SAMSUNG, KOREA: From dried fish to Olympic torches

Took a bit of a nose around Samsung's history gallery, at the entrance to which is both a bust of company founder Byung-chull Lee and a video screen showing interviews with him. He started in business with a small store in 1938, and developed that into a trading company in 1950.

Not that electronics were centre-stage then: early enterprises included a sugar company, and trading dried fish with China, and it wasn't until 1969 that Samsung Electronics was founded.

Early products included valves, before the company moved on to TVs like this, a black and white model from the early 1970s, which is very much of its time, and came complete with lockable doors to cover the screen and controls.

But Samsung has always been on the pace with technological developments: this big ol' unit is its first video-cassette recorder, from 1979, which was only the fourth model produced in the world.

while in the following decade it also made products using the 8mm video format, then being heralded as the portable video system of the future.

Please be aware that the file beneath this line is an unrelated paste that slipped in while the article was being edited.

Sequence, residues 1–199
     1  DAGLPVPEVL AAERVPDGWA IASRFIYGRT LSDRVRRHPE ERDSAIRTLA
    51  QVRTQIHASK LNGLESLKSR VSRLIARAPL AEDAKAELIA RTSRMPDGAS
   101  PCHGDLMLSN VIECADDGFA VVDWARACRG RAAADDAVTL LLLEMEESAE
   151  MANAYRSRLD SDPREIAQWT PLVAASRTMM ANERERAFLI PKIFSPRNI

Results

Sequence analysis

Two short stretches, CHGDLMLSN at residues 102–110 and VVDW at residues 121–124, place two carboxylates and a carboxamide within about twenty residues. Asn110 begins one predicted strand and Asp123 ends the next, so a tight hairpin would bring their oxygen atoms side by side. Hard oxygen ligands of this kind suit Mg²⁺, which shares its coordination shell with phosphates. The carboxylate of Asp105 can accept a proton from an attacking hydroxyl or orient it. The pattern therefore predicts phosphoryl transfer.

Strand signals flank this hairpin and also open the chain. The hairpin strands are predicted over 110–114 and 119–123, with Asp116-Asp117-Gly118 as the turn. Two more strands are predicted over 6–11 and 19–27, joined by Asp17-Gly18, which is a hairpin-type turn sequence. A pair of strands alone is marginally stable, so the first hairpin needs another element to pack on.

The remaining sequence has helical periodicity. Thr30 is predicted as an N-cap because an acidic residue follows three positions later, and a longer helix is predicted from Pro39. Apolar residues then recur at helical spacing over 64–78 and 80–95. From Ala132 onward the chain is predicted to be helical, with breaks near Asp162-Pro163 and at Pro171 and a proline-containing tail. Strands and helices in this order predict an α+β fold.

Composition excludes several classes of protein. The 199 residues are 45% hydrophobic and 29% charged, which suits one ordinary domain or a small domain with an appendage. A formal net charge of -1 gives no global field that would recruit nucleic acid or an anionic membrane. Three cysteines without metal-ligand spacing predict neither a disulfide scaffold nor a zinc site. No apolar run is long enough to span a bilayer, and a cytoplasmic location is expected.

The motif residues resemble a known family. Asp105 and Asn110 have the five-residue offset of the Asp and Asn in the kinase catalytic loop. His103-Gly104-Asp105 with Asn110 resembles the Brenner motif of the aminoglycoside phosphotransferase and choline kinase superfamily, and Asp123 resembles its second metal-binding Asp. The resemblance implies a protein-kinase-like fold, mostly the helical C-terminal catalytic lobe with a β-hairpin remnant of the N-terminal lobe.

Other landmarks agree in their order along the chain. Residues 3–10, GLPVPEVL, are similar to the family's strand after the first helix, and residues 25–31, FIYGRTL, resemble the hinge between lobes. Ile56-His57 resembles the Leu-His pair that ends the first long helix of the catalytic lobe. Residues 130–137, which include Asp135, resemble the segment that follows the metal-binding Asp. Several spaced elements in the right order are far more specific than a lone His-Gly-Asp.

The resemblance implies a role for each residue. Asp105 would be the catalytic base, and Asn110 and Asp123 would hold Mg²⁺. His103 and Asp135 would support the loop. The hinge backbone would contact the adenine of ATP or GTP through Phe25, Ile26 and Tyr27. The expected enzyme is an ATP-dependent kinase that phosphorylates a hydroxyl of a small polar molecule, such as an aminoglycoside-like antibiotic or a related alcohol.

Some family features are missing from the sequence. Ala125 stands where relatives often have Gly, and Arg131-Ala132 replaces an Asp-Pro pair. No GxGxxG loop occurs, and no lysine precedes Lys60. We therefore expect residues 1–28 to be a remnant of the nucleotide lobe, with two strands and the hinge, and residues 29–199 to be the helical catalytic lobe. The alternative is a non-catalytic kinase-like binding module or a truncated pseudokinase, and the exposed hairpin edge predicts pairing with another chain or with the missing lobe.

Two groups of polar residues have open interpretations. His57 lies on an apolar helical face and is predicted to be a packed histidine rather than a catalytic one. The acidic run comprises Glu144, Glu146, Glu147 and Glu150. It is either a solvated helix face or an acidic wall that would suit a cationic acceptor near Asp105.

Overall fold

And the company has always majored on service, which is one of the big secrets of its success in its home market

as well as getting on board new trends at a very early stage.

This is its first-ever mobile phone for the Korean market

and not so many years later it had miniaturised phones down to the point where it could market a wristwatch phone, for all of us with Dick Tracy fantasies.

And it's never missed a trick when it comes to marketing, from sponsorship to product placement. This display of Olympic torches celebrates its role as an Olympic sponsor, and its involvement with the Olympic Torch Relay

while below is a limited edition Matrix mobile phone, from 2003.

But not every product is a runaway success, and there have been times when Samsung has found itself rather ahead of the trend. This, from the 1980s, is a microwave oven with a 5in TV built-in on top.

Who said convergence was a new thing...?

Andrew has written about audio and video products for the past 20+ years, and been a consumer journalist for more than 30 years, starting his career on camera magazines. Andrew has contributed to titles including What Hi-Fi?, GramophoneJazzwise and Hi-Fi CriticHi-Fi News & Record Review and Hi-Fi Choice. I’ve also written for a number of non-specialist and overseas magazines.